People, Places, and Things

The psychology of design: How to create an environment in which you will thrive

Unfriendly Skies

Being in the wild blue yonder is no picnic.

Think the most unpleasant part of traveling by air is getting to the airport? Think again. Although getting to the airplane in most cities is no picnic, being airborne is much more stressful. Airplanes are among the least hospitable places you can visit – almost every element of the interior design sets human beings on edge.

As soon as you get to the airplane you give up control of your world – if tussling with the TSA and flight delays haven’t already forced you to acknowledge that there are forces more powerful than yourself. When you sink down into that uncomfortable passenger seat, you lose most of the ability to exercise your own free will. Sure, you can pick your movie, turn on and off your overhead light, and chose to read or not, but those sorts of decisions are insignificant compared to the opportunities you lose – such as the ability to determine the speed and direction of the aircraft, use the restroom whenever you want, or step outside for a change of pace. Human beings are more relaxed and happier when they have control over their environment.

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Part of that in-plane loss of control results in having to tolerate people being too close to you. When our personal space is compromised, so is our privacy– on a plane, your row-mates can even read along with you as you try to de-stress with the latest paperback thriller. Outside an airplane, when people have to be too close to others, they take what are called compensatory measures. An elevator trip is a fine example of a time when people are forced into uncomfortably tight quarters. To keep the tension levels down and everybody calm, people on an elevator avoid making eye contact or recognizing others are even there – conversations in elevators are rudimentary, at best. Conveniently, airplane seats prevent travelers from making easy eye contact with anyone except the flight attendants. On board conversations are notoriously unsuccessful.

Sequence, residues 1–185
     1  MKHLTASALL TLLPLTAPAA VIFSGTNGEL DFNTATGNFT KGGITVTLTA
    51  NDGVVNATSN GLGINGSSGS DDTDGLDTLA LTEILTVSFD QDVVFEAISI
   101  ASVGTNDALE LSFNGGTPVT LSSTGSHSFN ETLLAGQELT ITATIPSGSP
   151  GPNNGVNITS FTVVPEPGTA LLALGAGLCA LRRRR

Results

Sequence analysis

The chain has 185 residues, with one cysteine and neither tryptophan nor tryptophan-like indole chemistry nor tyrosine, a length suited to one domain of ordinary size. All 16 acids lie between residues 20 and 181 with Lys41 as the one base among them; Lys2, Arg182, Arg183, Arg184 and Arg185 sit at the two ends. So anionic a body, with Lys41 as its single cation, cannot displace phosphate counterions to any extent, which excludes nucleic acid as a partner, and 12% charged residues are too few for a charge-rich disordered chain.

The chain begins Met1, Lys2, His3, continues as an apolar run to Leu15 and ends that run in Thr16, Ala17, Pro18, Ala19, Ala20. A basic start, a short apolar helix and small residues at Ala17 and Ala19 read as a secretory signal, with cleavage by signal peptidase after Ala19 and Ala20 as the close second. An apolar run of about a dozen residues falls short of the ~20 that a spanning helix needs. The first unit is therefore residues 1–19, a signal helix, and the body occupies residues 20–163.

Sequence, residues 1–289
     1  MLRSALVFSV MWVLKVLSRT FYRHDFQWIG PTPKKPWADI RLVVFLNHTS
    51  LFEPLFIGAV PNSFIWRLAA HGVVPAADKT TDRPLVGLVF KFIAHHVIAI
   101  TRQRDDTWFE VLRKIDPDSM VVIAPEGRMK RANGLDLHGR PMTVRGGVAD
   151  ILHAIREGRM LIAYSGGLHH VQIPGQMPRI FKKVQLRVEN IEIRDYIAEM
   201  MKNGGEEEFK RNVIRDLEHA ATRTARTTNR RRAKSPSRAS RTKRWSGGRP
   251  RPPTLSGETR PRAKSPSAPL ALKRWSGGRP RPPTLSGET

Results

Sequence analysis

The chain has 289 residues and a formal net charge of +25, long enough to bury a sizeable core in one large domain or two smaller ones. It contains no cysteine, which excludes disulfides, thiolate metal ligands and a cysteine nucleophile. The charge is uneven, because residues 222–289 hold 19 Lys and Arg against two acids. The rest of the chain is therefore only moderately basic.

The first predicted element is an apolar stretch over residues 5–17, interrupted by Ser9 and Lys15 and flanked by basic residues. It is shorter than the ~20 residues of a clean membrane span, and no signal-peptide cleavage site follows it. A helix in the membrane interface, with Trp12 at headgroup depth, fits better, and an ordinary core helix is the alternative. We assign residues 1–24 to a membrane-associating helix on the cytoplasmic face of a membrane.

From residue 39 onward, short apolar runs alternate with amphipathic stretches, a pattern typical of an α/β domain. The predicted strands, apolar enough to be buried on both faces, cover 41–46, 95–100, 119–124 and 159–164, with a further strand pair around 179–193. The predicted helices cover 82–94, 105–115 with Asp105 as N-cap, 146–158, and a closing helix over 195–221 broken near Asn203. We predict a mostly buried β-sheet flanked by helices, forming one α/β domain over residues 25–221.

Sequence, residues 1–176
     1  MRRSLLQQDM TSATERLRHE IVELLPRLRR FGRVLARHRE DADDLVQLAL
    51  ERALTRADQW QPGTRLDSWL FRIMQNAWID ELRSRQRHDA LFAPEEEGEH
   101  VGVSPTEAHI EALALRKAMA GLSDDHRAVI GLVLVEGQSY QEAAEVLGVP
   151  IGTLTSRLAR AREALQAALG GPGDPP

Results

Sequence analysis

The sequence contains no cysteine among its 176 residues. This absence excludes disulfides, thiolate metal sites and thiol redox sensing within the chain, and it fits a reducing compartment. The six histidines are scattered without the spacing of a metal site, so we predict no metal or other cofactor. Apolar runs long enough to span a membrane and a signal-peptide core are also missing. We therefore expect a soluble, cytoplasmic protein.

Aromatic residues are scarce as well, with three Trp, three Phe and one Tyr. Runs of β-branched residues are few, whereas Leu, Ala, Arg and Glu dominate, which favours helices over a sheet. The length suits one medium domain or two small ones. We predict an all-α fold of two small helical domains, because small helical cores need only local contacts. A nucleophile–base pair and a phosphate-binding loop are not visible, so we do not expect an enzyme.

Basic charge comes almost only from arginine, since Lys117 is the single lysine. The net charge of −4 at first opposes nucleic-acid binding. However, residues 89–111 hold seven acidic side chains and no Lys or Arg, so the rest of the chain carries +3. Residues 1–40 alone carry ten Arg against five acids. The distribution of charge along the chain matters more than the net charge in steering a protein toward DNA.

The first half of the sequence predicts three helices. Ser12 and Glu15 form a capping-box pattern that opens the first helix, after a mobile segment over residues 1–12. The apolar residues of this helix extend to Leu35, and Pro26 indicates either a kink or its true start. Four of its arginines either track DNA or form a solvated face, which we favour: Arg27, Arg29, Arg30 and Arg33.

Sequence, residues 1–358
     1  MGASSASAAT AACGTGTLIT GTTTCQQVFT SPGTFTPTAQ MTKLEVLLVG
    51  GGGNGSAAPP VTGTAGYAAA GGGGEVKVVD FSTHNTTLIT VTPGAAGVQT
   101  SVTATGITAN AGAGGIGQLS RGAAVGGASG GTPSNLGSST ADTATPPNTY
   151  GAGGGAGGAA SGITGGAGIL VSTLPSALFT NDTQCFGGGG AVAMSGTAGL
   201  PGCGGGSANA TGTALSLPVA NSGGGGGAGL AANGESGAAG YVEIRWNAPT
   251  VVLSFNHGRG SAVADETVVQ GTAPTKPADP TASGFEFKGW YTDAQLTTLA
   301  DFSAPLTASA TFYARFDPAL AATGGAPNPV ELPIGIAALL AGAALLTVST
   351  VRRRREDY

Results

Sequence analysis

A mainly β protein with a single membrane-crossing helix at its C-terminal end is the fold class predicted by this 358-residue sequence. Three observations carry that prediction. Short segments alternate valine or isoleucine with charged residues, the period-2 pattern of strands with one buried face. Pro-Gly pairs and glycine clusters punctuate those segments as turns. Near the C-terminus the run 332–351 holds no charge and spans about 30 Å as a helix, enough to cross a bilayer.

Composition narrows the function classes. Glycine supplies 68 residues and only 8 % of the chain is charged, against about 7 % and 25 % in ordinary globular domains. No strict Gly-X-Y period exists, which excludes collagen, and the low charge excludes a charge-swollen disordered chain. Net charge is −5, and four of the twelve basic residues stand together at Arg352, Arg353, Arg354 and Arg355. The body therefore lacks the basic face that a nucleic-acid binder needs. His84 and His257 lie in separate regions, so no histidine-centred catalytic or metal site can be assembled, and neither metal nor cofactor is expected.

The noises made by airplane engines are particularly disconcerting to human travelers. Their pitch and volume can often be annoying. In addition, the sounds that the airplane makes aren’t really rhythmic – and that unpredictability, even if it is readily explainable as an engine “changing gears,” induces stress.

The aircraft cabin is not pressurized to anything close to sea level and the environment becomes dry in the course of a flight. Being on an airplane is generally equivalent to being at an altitude of over a mile, and in those conditions alertness decreases for most passengers. Being de-hydrated also hinders our cognitive performance. Pawson and his research team recently learned that people who took water to exams and presumably drank it, thereby staying hydrated, got higher scores than people who didn’t who had the same level of general ability. Being in places with low relative humidity has also been linked to headaches, which doesn’t help when we’re doing thoughtful work or trying to get along with other people.

Ergonomic conditions are so bad for coach class airplane travelers that they result in psychological stress. The legroom and position of the tray table can make it difficult just to sit quietly, let alone work on a laptop.

So, what’s an air traveler to do? The suggestions that follow can ease the psychological discomfort of travelers in general, but passengers who are afraid to fly need clinical assistance.

  1. Listen to calming music you enjoy. Make sure your music selections have a rhythm slower than your resting heart rate (generally 50-70 beats per minute). If you Google “beats per minute,” you’ll find websites that can tell you about this aspect of your favorite music. Don’t try to create complete silence with earplugs etc. Your plan won’t work which will frustrate you – and silence is just as nerve racking for humans as the random airplane noises.
  2. Establish whatever control over your experience the FAA will allow. For example, if you bring an eye mask and cover your eyes while you nap, you decrease the odds that you’ll be disturbed by the flight attendants and other passengers.
  3. Don’t try to do thoughtful work as you fly – the air pressure and relative humidity inside the plane will insure you don’t work well, anyway – and knowing that you’re not performing as well as you might will frustrate you and amp up your stress levels.
  4. Look out the window at the clouds as you fly along. Clouds have a fractal pattern which people find calming.
  5. Bring along your own comfort foods – their smells and tastes will make you feel much calmer, even if they can’t actually make you happy with your feet so far off the ground.
  6. Be patient with your fellow travelers, at least for as long as you can. You’re all being taxed by the same inflight conditions and if they’ve snapped, reacting negatively yourself will worsen the situation.

Next time you find yourself on a flight, acknowledge the difficult situation in which you find yourself – that’s the first step to reducing your stress levels and enhancing your well-being.

Sally Augustin, Ph.D., is a practicing environmental psychologist who studies person-centered design and sensory science.

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